On June 10, Chair of the Federal Reserve Jerome Powell cautioned that an economic recovery won't be quick or painless. Considering Wall Street had already priced in a relatively optimistic recovery scenario, it's not too surprising Powell's comments popped the stock market's rally. It doesn't help that a handful of states are reporting case and hospitalization figures that suggest a second wave of coronavirus infections -- and subsequently, more restrictions on movement -- could be on the horizon.

Amid all of the uncertainty, the only thing individual investors can be certain of is that volatility is here to stay. But that doesn't necessarily make it a bad time to buy stocks. The key is to focus on the long term, which is exactly why Coherus BioSciences (NASDAQ:CHRS) and Dicerna Pharmaceuticals (NASDAQ:DRNA) are two of the top small-cap stocks to take a closer look at right now. 

A hand placing blocks with ascending arrows on them in successively taller columns.

Image source: Getty Images.

Well positioned to exit the slowdown better off

Despite an impressive and growing list of accomplishments, Coherus BioSciences just can't do enough to impress Wall Street. Individual investors with a long-term mindset can take advantage of that undervaluation. 

Coherus BioSciences is striving to become a leading developer of biosimilar drugs, which are copycat versions of biologic drugs. They're more difficult to develop, manufacture, store, and distribute than small molecule drugs, which keeps competition low and market opportunities large. The business has shown investors what success in the fledgling market can look like.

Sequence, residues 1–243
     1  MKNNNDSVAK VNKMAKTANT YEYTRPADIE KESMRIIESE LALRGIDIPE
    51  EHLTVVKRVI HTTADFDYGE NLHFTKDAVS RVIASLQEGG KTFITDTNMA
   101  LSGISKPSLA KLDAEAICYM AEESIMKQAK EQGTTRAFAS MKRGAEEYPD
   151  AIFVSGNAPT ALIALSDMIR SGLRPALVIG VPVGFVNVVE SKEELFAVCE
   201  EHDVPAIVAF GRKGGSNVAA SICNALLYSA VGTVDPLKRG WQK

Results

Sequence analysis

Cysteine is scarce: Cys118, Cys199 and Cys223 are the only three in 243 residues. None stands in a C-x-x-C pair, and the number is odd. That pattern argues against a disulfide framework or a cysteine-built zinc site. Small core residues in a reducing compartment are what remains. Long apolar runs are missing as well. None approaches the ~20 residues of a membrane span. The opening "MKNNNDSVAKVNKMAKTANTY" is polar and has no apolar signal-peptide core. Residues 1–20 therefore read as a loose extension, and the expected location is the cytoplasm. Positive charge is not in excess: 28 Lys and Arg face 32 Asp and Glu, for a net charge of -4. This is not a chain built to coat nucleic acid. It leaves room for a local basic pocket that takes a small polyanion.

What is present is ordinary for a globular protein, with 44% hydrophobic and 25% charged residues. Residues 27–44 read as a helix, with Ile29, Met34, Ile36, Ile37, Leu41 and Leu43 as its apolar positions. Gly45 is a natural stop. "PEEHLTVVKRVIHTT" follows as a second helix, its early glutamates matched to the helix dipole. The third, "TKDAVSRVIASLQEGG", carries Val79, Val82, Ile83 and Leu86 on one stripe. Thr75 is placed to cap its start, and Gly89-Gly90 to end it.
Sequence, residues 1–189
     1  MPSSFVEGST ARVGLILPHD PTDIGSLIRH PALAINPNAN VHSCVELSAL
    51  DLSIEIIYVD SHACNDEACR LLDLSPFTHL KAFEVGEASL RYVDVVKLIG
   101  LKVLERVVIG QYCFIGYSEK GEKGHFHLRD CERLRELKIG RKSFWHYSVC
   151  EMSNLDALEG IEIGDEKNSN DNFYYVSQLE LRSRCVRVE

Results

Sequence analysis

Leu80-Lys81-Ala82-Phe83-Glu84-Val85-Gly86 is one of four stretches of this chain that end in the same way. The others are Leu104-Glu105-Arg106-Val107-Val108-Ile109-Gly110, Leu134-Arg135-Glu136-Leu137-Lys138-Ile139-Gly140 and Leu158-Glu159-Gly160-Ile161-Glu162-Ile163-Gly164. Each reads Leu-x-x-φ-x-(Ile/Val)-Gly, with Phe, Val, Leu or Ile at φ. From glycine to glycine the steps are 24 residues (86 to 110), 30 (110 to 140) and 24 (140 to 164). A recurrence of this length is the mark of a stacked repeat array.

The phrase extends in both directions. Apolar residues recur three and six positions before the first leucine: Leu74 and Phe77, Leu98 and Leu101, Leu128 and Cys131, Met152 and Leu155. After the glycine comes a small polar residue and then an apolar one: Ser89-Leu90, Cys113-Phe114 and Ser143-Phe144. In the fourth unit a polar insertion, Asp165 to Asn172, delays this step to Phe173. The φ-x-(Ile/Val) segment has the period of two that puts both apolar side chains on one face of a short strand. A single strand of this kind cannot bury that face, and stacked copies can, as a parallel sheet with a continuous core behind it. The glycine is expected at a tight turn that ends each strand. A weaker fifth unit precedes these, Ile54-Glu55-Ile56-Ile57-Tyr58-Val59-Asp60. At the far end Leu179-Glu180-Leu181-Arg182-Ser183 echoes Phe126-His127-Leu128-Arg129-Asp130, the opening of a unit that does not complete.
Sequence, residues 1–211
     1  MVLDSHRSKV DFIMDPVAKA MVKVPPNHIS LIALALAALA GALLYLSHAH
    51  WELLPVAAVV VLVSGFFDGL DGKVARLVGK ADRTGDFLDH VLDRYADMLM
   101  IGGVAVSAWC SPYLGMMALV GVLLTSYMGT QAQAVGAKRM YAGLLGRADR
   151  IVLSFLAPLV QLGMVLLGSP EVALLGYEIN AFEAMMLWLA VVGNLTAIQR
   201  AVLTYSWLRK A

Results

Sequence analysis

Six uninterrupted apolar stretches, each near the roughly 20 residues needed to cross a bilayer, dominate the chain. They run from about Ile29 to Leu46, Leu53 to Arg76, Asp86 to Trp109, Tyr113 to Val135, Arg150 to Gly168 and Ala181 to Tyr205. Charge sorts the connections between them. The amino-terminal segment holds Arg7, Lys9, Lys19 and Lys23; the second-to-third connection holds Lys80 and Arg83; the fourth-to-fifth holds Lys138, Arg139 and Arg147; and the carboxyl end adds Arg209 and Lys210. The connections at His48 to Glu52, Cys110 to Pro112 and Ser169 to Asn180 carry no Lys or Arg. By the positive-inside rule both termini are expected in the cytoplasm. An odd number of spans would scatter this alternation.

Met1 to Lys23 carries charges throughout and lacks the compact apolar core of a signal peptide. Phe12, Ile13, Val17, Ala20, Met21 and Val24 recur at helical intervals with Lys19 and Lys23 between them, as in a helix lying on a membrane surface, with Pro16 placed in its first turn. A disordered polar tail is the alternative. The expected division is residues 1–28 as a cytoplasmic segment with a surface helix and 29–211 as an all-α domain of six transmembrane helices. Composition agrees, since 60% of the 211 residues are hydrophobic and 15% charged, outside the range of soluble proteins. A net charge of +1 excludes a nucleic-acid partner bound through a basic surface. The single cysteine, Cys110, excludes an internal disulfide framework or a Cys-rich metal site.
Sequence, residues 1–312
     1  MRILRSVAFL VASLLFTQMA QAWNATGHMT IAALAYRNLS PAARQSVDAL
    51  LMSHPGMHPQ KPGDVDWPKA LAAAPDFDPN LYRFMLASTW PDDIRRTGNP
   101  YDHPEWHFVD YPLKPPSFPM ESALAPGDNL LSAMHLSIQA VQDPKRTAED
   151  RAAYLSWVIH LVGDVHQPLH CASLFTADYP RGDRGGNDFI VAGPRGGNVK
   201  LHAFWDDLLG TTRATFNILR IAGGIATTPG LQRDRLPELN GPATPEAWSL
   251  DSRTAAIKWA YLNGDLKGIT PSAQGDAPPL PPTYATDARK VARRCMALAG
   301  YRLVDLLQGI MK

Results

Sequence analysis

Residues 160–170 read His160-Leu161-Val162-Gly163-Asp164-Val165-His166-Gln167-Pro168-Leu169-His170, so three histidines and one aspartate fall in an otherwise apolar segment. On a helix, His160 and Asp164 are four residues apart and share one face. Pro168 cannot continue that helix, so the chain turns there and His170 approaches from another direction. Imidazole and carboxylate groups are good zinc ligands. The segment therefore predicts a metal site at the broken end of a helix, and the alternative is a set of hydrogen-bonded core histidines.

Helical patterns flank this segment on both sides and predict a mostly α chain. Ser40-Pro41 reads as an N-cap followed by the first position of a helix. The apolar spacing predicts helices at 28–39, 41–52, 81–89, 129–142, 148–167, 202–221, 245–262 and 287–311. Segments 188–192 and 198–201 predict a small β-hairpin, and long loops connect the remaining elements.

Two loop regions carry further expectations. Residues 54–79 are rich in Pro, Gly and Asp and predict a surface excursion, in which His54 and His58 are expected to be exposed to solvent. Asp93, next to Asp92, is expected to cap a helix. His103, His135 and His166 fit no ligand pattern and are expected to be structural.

Udenyca, the company's first product, is a biosimilar of Neulasta (pegfilgrastim) from Amgen, which is used to stimulate the production of white blood cells in patients receiving chemotherapy. The biosimilar hit the market early last year and became the most successful drug launch of 2019. Coherus BioSciences reported full-year 2019 revenue of $356 million (all from Udenyca sales) and operating income of $107 million.

The momentum continued in the first quarter of 2020, as evidenced by $116 million in Udenyca sales (equivalent to $464 million in revenue on an annualized basis). Although the coronavirus pandemic has created some friction in getting the product to patients, Coherus BioSciences expects to generate positive cash flow from operations for the year. It ended March with $193 million in cash and completed a $230 million debt offering in April, so investors certainly don't have to worry about financial flexibility.

While Wall Street has been concerned that other Neulasta biosimilars will erode Udenyca's market share, that simply hasn't materialized. In fact, Coherus BioSciences was second to market behind Mylan, which produces Fulphila, but quickly took over. Udenyca ended 2019 with 20.5% of all unit sales for pegfilgrastim-based drugs, compared to only about 5% for Fulphila. More pegfilgrastim biosimilars are on the market or on the way (from companies including Novartis' Sandoz, Fresenius Kabi, and Pfizer, to name a few), but Udenyca has clearly carved out a leadership position. Management is confident Udenyca can hold onto at least 20% of the market.